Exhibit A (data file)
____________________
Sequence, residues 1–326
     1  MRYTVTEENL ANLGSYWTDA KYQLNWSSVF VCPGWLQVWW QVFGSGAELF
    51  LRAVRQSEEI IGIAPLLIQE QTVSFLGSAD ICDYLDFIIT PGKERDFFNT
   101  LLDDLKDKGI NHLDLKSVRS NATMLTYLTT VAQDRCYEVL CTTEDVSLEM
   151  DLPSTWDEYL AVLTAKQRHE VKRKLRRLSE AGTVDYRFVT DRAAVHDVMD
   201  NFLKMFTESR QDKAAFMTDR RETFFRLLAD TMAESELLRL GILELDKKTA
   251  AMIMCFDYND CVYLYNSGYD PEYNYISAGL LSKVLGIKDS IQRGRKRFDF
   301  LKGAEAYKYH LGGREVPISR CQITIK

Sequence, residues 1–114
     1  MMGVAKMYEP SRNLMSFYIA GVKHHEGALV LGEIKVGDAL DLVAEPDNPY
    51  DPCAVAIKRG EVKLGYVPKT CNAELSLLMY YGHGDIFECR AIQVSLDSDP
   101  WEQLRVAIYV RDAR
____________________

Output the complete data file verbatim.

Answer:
Sequence, residues 1–326
     1  MRYTVTEENL ANLGSYWTDA KYQLNWSSVF VCPGWLQVWW QVFGSGAELF
    51  LRAVRQSEEI IGIAPLLIQE QTVSFLGSAD ICDYLDFIIT PGKERDFFNT
   101  LLDDLKDKGI NHLDLKSVRS NATMLTYLTT VAQDRCYEVL CTTEDVSLEM
   151  DLPSTWDEYL AVLTAKQRHE VKRKLRRLSE AGTVDYRFVT DRAAVHDVMD
   201  NFLKMFTESR QDKAAFMTDR RETFFRLLAD TMAESELLRL GILELDKKTA
   251  AMIMCFDYND CVYLYNSGYD PEYNYISAGL LSKVLGIKDS IQRGRKRFDF
   301  LKGAEAYKYH LGGREVPISR CQITIK

Sequence, residues 1–114
     1  MMGVAKMYEP SRNLMSFYIA GVKHHEGALV LGEIKVGDAL DLVAEPDNPY
    51  DPCAVAIKRG EVKLGYVPKT CNAELSLLMY YGHGDIFECR AIQVSLDSDP
   101  WEQLRVAIYV RDAR